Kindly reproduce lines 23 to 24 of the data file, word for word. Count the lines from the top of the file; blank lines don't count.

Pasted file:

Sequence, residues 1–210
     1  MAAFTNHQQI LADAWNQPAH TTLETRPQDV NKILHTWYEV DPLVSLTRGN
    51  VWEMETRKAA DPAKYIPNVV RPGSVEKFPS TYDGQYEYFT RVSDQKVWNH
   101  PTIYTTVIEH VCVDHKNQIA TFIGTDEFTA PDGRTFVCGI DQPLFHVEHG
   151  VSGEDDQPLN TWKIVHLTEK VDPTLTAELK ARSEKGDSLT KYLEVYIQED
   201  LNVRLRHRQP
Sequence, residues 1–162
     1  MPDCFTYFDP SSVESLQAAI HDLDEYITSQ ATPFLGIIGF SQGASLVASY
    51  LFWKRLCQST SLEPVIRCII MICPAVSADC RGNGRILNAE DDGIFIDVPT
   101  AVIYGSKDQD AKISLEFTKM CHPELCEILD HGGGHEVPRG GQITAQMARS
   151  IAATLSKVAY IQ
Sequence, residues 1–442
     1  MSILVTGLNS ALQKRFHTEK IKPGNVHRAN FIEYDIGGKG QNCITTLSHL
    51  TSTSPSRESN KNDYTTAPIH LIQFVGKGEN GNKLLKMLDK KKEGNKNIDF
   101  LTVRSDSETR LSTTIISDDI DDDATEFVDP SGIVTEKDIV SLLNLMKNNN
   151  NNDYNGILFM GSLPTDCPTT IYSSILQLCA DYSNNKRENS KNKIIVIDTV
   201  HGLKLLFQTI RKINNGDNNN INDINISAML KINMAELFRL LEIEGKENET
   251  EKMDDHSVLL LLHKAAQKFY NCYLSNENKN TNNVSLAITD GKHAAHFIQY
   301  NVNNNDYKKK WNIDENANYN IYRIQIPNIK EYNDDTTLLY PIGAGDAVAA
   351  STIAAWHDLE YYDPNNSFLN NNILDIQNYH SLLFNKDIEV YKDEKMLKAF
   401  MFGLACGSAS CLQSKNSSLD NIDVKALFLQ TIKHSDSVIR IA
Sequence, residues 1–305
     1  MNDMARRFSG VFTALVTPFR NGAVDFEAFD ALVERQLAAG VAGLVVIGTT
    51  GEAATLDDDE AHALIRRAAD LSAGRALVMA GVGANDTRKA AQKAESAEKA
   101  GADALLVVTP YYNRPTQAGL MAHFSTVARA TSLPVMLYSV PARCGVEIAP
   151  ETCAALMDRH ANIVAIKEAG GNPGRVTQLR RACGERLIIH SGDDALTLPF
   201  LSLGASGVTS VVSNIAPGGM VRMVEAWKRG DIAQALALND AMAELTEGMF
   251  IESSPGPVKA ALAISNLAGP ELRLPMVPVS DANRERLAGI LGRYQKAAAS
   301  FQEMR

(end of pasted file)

     1  MNDMARRFSG VFTALVTPFR NGAVDFEAFD ALVERQLAAG VAGLVVIGTT
    51  GEAATLDDDE AHALIRRAAD LSAGRALVMA GVGANDTRKA AQKAESAEKA